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Alternatives and refinements to animal research
News about the replacement and reduction of animals in scientific research, and improvements in welfare practice.
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Industry Council Formed to Advance Regulatory Acceptance of Non-Animal Testing Methods - The Sacramento Bee

Industry Council Formed to Advance Regulatory Acceptance of Non-Animal Testing Methods - The Sacramento Bee | Alternatives and refinements to animal research | Scoop.it
/PRNewswire-USNewswire/ -- The Institute for In Vitro Sciences Inc., (IIVS) a world renowned leader in the validation, training, and application of non-animal test methods, announces the formation of ICARAA: Industry Council for the Advancement of...
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Scientists develop worm EEG to test the effects of drugs

Scientists develop worm EEG to test the effects of drugs | Alternatives and refinements to animal research | Scoop.it
Scientists have developed a device which records the brain activity of worms to help test the effects of drugs.
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Lindy Holden-Dye, Professor of Neuroscience at the University of Southampton and lead author of the paper, says: "We are particularly interested in using this as a sensitive new tool for screening compounds for neurotoxicity. It will allow us to precisely quantify sub-lethal effects on neural network activity. It can also provide an information rich platform by reporting the effects of compounds on a diverse array of neurotransmitter pathways, which are implicated in mammalian toxicology.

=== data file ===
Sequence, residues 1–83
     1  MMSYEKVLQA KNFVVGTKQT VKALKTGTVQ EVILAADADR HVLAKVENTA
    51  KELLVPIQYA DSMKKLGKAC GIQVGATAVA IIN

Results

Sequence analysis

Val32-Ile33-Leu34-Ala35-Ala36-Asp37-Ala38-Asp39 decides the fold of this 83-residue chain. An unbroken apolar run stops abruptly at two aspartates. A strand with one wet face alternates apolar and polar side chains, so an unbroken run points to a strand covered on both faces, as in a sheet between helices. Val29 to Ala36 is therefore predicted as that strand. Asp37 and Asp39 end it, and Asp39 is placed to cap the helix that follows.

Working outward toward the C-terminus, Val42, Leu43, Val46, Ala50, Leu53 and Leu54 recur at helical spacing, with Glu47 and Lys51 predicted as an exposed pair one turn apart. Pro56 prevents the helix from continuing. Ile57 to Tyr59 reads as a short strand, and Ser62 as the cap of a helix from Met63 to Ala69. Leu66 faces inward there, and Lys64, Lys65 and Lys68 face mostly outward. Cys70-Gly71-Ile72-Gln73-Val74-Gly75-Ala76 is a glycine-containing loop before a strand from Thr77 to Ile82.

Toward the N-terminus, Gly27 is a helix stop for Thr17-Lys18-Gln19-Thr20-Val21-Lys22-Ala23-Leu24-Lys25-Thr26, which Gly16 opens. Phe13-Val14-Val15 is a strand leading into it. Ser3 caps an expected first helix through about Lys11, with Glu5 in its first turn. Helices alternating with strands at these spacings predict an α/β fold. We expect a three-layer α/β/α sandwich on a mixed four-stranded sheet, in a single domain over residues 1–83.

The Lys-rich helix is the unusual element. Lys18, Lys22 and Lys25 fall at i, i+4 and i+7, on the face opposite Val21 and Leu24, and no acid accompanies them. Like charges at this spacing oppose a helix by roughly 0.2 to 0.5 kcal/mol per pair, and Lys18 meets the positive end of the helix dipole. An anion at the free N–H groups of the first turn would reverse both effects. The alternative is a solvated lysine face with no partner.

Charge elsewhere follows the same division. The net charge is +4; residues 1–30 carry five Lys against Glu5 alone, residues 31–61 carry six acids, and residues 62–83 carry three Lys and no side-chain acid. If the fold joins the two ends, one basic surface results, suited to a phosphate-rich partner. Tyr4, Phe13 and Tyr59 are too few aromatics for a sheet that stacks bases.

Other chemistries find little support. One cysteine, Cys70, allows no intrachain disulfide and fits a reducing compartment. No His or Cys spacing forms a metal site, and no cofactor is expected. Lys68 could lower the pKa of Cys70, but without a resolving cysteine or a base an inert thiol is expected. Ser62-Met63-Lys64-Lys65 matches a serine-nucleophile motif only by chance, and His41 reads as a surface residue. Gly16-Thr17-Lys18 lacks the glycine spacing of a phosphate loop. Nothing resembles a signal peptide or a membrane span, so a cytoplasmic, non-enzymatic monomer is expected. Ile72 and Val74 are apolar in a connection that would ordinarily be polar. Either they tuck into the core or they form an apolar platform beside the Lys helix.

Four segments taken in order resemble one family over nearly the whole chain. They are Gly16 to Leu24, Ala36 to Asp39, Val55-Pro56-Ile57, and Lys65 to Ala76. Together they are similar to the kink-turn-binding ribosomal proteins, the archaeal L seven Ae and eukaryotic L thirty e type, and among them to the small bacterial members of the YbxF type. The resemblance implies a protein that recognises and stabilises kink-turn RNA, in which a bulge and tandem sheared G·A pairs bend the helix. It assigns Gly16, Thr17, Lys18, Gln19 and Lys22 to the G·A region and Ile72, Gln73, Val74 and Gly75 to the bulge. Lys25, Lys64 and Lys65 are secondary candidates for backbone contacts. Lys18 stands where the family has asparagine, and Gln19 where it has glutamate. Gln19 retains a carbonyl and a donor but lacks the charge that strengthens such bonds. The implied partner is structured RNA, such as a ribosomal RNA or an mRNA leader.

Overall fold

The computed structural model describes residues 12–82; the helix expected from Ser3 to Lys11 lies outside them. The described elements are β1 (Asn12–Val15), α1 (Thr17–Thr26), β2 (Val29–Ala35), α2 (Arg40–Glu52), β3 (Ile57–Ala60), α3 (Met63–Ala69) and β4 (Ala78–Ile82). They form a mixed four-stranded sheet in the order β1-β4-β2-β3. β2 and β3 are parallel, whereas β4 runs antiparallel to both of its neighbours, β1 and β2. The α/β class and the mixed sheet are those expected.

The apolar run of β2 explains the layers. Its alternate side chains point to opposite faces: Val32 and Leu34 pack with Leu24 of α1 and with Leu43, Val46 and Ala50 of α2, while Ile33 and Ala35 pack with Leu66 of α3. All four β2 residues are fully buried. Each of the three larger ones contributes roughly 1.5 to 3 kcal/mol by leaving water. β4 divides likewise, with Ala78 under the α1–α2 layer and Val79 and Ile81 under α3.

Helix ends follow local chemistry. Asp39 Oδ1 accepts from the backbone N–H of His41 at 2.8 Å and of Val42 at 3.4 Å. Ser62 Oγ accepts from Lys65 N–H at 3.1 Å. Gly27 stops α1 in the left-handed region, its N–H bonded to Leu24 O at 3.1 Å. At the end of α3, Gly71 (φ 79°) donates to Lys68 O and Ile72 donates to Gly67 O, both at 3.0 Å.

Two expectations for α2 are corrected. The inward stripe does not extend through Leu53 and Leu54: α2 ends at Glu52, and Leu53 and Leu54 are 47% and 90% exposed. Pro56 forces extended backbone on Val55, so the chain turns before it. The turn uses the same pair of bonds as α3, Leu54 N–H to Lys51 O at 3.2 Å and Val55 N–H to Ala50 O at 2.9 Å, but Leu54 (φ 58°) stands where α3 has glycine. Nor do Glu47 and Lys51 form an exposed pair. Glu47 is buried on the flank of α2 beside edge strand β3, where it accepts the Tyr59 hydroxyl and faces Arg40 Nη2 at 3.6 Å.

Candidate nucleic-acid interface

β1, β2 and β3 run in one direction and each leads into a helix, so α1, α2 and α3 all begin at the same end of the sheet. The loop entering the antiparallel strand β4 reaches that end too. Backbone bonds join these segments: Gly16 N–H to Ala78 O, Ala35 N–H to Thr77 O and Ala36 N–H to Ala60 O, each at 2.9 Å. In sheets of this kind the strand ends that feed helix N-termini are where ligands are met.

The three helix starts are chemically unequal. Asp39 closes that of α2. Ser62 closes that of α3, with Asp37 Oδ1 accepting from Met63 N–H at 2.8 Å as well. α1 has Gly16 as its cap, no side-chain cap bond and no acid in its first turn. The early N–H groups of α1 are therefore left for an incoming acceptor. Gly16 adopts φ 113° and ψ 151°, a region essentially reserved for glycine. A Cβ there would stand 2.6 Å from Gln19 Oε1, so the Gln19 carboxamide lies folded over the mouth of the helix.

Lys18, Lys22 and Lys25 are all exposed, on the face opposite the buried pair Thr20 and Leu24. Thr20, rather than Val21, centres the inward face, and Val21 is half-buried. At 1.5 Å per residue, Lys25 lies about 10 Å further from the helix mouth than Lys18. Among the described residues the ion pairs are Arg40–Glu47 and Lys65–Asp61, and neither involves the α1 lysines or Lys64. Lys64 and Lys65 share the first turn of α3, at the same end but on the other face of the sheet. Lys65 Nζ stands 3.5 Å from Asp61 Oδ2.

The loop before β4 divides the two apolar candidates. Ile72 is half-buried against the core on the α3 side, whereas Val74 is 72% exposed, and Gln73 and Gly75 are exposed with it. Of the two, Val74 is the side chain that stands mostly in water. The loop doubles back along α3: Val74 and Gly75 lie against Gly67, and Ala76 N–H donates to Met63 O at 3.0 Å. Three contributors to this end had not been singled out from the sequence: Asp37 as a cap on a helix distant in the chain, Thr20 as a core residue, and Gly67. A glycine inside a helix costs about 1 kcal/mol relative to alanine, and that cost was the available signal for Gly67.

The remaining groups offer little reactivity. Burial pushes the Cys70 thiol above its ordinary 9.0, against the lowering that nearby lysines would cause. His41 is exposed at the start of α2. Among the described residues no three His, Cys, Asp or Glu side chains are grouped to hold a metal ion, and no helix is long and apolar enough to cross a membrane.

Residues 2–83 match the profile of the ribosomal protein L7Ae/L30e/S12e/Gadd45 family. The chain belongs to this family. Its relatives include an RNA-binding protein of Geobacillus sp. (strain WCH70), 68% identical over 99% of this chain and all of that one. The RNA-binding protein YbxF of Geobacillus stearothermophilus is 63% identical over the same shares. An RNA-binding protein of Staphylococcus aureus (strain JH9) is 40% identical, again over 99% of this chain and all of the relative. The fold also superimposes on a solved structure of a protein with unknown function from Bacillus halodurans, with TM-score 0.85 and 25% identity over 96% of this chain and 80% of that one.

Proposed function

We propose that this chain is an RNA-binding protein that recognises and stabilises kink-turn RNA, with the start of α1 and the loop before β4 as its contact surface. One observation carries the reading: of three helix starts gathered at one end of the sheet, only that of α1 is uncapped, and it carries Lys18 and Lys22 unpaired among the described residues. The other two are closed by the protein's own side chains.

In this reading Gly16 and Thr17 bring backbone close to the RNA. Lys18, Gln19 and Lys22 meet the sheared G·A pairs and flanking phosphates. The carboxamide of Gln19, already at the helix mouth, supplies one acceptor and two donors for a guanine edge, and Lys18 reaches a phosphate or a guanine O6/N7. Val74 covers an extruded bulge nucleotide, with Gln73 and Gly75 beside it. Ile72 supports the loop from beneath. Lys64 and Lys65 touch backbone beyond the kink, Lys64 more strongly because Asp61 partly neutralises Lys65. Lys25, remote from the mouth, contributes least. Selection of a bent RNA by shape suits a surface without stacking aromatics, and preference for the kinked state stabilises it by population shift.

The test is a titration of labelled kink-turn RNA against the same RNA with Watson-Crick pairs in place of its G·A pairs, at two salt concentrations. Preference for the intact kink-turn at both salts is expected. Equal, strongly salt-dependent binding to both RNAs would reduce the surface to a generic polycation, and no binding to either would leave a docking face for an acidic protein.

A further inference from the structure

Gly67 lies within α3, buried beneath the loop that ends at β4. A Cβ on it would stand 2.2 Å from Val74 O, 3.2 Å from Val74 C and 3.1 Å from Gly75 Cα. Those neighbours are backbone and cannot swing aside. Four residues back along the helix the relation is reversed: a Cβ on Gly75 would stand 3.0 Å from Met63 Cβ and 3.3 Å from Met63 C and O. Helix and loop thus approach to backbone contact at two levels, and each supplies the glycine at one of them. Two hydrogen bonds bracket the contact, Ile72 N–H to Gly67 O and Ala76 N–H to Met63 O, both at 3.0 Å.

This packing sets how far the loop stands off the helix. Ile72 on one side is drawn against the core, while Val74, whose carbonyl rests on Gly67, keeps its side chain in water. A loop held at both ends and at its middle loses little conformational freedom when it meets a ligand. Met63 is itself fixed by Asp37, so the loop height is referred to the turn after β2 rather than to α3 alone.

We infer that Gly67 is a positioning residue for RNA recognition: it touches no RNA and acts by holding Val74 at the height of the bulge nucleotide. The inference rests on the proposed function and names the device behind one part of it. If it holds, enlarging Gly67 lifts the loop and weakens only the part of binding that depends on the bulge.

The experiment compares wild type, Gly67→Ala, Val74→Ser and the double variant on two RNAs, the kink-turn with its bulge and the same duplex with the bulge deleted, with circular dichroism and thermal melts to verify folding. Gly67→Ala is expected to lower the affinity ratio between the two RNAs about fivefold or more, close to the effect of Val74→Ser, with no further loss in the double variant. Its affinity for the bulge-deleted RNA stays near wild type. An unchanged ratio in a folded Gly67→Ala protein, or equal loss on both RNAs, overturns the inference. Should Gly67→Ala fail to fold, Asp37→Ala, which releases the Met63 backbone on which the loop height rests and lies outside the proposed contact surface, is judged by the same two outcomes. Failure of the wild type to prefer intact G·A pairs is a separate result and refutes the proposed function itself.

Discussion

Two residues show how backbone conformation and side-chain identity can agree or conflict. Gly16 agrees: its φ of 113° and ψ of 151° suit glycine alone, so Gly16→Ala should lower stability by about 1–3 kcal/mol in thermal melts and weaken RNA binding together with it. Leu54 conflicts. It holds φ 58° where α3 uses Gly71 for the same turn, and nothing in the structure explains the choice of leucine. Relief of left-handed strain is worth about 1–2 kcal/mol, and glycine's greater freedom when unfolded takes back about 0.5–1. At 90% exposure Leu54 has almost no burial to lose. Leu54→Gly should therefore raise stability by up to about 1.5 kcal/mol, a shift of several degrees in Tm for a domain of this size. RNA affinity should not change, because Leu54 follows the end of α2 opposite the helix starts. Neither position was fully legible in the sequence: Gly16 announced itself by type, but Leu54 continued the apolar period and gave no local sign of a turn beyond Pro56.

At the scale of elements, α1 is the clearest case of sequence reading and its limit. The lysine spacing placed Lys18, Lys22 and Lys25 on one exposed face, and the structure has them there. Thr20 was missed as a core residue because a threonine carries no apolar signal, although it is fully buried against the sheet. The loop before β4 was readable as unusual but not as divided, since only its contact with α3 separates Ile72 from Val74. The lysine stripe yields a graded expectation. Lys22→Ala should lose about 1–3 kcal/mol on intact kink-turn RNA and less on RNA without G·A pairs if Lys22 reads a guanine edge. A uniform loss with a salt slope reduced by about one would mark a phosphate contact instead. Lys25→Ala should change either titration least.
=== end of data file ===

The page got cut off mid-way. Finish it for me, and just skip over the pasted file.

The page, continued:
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EURL Ecvam to provide more alternative testing methods information

The European Union Reference Laboratory for Alternatives to Animal Testing (EURL Ecvam) should provide more detailed information on the status of alternative testing methods under validation or evaluation, according to the conclusions of a meeting...
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Taking memory research to Parliament | NC3Rs blog

Taking memory research to Parliament | NC3Rs blog | Alternatives and refinements to animal research | Scoop.it
NC3Rs PhD student Kam Ameen-Ali blogs about taking memory research to parliament http://t.co/7HilS46S7H #3Rs #womeninscience #neuroscience
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Our first PhD student to publish a research paper on her work blogs about her experience at this year's SET for BRITAIN

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Reporting of Research | Epilepsy Research